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Blues is absolutely vital to black theological reflection and to the black church's existence. In Black Bodies and the Black Church , author Kelly Douglas Brown develops a blues crossroad theology, which allows the black church to remain true to itself and relevant in black lives.
The Black Church is an institution that emerged in rebellion against injustice perpetrated upon black bodies. How is it, then, that black women's oppression persists in black churches? This book engages the Chalcedonian Definition as the starting point for exploring the body as a moral dilemma.
This book tackles the "taboo" subject of sexuality that has long been avoided by the Black church and community. Douglas argues that this view of Black sexuality has interfered with constructive responses to the AIDS crisis and teenage pregnancies, fostered intolerance of sexual diversity, frustrated healthy male/female relationships, and rendered Black and womanist theologians silent on sexual issues.
This book was inspired by a challenge from one of Douglas's students: "How could you, a black woman, possibly be a Christian?" Reflection on the historical sins of Christians, particularly the role of white Christians in countenancing the lynching of African Americans, led her to broader questions: What is it about Christianity that could lend itself to racism and its violent abuses? What is it about Christianity that has allowed it to be both a bane and a blessing for black people? Douglas examines the various "distortions" in early Christianity--particularly the influence of platonic dualism, with its denigration of the body, and the alliance with imperial power. She shows how this later helped support white racism, just as it later fed homophobia and other distortions in the black church. Nevertheless, she ends by sharing an inspiring account of her own Christian faith, and why she is still a Christian.
"If Trayvon was of age and armed, could he have stood his ground on that sidewalk?" --President Barack Obama The 2012 killing of Trayvon Martin, an African-American teenager in Florida, and the subsequent acquittal of his killer, brought public attention to controversial "Stand Your Ground" laws. The verdict, as much as the killing, sent shock waves through the African-American community, recalling a history of similar deaths, and the long struggle for justice. On the Sunday morning following the verdict, black preachers around the country addressed the question, "Where is the justice of God? What are we to hope for?" This book is an attempt to take seriously social and theological questions raised by this and similar stories, and to answer black church people's questions of justice and faith in response to the call of God. But Kelly Brown Douglas also brings another significant interpretative lens to this text: that of a mother. "There has been no story in the news that has troubled me more than that of Trayvon Martin's slaying. President Obama said that if he had a son his son would look like Trayvon. I do have a son and he does look like Trayvon." Her book will also affirm the "truth" of a black mother's faith in these times of stand your ground.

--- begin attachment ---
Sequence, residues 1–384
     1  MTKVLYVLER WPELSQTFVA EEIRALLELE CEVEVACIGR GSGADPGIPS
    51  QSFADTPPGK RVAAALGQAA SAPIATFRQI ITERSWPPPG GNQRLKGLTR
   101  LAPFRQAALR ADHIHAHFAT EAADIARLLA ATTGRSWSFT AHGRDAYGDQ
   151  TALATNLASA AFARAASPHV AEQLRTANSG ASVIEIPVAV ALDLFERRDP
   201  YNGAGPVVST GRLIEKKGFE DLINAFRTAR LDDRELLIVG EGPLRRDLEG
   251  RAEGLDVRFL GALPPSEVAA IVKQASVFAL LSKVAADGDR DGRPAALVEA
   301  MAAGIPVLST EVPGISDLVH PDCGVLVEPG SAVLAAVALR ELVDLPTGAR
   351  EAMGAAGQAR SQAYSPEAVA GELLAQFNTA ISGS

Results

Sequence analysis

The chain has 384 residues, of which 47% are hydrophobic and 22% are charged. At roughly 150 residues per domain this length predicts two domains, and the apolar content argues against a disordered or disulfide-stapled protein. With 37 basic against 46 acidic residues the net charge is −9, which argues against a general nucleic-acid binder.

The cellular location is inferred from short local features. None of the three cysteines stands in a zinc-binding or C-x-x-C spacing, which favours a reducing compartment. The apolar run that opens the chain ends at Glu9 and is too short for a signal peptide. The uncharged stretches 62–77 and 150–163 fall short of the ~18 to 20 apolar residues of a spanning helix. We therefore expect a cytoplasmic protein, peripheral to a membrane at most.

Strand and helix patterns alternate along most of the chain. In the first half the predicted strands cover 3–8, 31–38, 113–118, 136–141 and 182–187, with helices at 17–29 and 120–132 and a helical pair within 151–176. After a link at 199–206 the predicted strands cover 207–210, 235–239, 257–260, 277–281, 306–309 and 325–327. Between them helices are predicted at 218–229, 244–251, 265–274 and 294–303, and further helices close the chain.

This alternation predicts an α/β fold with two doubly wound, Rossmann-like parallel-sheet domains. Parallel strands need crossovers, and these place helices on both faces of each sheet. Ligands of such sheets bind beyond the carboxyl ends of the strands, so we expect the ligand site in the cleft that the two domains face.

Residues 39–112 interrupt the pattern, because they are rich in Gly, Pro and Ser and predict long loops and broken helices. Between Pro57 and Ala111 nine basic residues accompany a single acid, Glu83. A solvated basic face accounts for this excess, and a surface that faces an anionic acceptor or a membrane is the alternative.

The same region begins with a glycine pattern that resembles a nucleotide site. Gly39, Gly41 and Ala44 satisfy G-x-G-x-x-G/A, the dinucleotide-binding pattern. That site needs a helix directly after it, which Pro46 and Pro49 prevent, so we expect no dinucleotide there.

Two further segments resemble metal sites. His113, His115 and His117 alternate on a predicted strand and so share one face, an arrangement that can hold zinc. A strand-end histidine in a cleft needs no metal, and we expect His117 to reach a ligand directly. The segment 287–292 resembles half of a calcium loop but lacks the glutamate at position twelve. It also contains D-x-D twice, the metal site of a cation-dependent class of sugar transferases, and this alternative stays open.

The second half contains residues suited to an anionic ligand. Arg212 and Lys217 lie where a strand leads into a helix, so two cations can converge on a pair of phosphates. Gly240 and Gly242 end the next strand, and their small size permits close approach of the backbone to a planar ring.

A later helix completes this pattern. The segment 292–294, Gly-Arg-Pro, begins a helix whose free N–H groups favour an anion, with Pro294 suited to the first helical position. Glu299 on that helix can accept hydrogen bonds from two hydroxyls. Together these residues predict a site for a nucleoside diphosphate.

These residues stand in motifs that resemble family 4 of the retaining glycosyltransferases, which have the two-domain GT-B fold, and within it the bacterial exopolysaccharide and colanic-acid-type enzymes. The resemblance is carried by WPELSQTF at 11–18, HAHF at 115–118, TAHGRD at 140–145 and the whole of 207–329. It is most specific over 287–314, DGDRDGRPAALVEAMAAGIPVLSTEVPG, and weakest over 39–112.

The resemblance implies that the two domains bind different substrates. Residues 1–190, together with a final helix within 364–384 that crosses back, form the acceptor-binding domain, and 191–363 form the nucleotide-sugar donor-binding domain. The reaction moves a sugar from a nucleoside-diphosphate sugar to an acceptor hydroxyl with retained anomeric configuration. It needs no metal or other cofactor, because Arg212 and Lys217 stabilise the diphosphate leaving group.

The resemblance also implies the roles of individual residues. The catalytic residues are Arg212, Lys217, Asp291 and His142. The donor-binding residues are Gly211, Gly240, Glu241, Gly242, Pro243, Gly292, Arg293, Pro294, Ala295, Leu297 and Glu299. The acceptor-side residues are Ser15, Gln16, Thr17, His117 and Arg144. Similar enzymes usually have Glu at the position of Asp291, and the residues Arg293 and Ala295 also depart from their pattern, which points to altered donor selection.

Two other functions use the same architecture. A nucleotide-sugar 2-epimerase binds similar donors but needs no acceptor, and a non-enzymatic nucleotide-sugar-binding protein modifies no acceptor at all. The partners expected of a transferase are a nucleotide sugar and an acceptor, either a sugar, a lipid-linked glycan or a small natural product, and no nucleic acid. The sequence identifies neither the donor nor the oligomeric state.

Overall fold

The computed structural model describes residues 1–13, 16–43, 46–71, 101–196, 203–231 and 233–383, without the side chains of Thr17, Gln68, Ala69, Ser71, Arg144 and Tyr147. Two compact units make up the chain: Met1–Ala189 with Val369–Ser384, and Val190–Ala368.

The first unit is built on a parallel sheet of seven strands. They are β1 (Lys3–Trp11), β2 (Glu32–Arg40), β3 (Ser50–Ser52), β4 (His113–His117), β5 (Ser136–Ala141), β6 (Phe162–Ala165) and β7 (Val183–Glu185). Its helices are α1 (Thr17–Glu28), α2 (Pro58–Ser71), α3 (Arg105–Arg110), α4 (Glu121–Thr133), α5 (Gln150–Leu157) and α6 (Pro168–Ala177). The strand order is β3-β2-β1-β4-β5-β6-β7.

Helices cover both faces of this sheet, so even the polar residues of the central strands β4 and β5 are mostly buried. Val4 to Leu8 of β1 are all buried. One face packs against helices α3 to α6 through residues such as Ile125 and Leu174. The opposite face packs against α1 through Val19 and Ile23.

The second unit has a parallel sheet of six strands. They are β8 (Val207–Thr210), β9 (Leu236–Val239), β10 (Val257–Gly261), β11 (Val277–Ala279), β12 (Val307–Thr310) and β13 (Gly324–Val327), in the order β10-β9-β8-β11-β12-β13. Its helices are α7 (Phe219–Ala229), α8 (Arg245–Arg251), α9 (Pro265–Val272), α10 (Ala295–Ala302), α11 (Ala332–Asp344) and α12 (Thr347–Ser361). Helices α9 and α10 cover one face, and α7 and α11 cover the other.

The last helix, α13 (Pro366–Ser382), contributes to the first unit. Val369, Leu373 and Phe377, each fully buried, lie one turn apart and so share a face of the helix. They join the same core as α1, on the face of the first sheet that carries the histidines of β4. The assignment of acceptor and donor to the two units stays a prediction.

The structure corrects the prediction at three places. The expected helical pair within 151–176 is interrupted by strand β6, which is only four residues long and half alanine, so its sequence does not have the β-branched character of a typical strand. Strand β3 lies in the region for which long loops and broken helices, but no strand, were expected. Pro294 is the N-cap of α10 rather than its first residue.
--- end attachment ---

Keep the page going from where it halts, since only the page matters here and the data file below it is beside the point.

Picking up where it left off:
This portrayal of the poverty of black women in this country describes the unemployment, underemployment, isolation, and lack of assets they typically experience. The author also takes on and demolishes the common stereotypes that castigate poor black women as "morally problematic and dependent on the money of good tax-paying citizens." She then calls on the black churches to become potential agents of change and leaders in addressing the unequal social and economic structures that hold captive these poor women. The goal is to empower poor black women to develop assets that will prevent long-term poverty and allow them to flourish.
This compelling portrait of who Jesus is for the black community surveys the history of the Black Christ from the early slave testimonies to the writings of prominent religious and literary figures through the Civil Rights and Black Power movements.

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